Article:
On the eve of the 8th Annual Appalachian Mountain Photography Competition opening, I want to share with you a couple of highlights from one of the 2010 Student Outdoor Learning Expeditions (SOLE Trips) which are supported in part by AMPC proceeds.
This summer marked the 7th New Zealand expedition hosted by Outdoor Programs at Appalachian State University. The 28-day short-term study abroad program immerses students in the landscapes and cultures of this remarkable and stunning country. This year marked the fourth time I have served as a leader of this experience, and I have to say, on this trip, the stars aligned.
Twenty-one students participated in the expedition, along with Rich Campbell, Director of Outdoor Programs, and myself as expedition leaders. Ten semester hours of credit offered through four separate classes are associated with this active journey of discovery that offers rich and authentic experiences. One of the early in-country components of the New Zealand expedition is an introduction to the Maori culture.
Believed to have first arrived nearly 1,000 years ago in what is now New Zealand, the Maori (mow-ree) people present our students with a unique perspective on both the near-universal challenges faced by indigenous populations and an example of a country that is dealing head-on with reparations and integration of their native population.
Te Puna Wanaka and Waikawa Marae (y-ka-wa ma-rye) (both community centers for Maori tribes) welcomed us into their sacred spaces and shared their language, music, and culture. We in turn are excited to share our music and culture with them by presenting our own version of traditional Appalachian songs accompanied by traditional Appalachian instruments. This year, our team learned the song “Shady Grove,” and as it always seems, we were blessed with several talented musicians.
We were able to bring with us a banjo purchased at Appalachian Music Shop and put on our show. After sharing our song at Waikawa Marae, we presented them with the banjo, which has become tradition. From our years of visiting, we have gifted Waikawa a dulcimer, a mandolin, and now a banjo. If we can figure out how to get an upright bass in the overhead compartment of a 747, they will have everything they need for their own bluegrass jam!
Another component, and arguably the most complex part of the trip, takes place shortly after our departure from Waikawa: an eight-day east-to-west traverse of the top of the South Island that includes a source-to-sea experience following the Leslie and Karamea rivers.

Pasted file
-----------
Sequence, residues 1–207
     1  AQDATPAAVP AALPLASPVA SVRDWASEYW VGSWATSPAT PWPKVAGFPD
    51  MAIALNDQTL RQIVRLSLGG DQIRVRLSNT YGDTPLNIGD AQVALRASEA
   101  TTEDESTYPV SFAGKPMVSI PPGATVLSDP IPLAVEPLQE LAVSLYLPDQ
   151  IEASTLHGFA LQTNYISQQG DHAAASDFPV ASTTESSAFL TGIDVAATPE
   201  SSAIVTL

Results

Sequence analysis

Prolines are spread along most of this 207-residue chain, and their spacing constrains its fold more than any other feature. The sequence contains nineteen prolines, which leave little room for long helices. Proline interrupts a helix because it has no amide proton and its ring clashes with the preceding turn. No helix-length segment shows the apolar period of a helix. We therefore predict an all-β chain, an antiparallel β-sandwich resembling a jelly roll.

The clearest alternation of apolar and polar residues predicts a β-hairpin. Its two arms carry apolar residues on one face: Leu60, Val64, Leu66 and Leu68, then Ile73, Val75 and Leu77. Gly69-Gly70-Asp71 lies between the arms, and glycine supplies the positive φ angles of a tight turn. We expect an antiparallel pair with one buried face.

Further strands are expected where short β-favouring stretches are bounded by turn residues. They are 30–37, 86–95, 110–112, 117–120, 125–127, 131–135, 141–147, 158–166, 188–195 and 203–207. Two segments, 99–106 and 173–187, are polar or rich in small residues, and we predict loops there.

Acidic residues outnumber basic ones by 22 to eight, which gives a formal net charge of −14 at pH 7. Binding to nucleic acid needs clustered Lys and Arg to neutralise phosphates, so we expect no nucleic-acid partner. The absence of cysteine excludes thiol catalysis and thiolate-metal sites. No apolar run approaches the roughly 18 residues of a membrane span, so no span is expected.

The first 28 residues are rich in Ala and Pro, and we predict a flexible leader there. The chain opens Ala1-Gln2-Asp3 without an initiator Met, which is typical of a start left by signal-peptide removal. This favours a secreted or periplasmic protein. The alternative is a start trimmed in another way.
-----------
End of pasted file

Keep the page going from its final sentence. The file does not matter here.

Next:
This has traditionally been not only the most logistically challenging element of the expedition, but also the most physically challenging. It is five days backpacking up and over the northern end of the Southern Alps, leading us into the rainforests and river drainages of the west coast.
After five days of walking into the wilderness, we arrive at a large curve in the Karamea River, referred to as the Karamea Bend. Here, the trails end and we await several helicopter loads of gear and guides who will join us for three days of navigating the class III-IV rapids of the Karamea. (This is an incredible experience, as the Karamea is visited by no more than one hundred people in a given year.) Navigating the river demands focus, resilience, and an adventurous spirit. The water levels this summer were ideal, the weather rarely matched, and the group was well tuned and highly productive. As I said before, the stars aligned on this trip. We followed the Karamea with ease out to the west coast, taking off the river less than one mile from the Tasman Sea in the small town of Karamea.
Other components of the New Zealand SOLE trip include work with reforestation, in part to off-set our carbon footprint, and a five-day sea kayak journey along the Abel Tasman coast. These trips are far more than playing outside for the students who participate. They foster cultural competence and independence as well as interdependence, environmental stewardship, and friendships that endure long after the last tent is packed away.
The proceeds from AMPC and Outdoor Programs’s annual screenings of the Banff Mountain Film Festival are used to subsidize the budgets of these trips, lowering the cost and reducing financial barriers for those participating. I, too, see them as a right of passage of sorts; something that seems all but lost in modern American society. The students I know before arriving in New Zealand are rarely the same students I see returning from the expedition—as if this experience outlines a new chapter in who they are and what drives their passions.
New Zealand SOLE Trip Gallery
To learn more about Student Outdoor Learning Expeditions and everything Outdoor Programs offers, visit www.op.appstate.edu.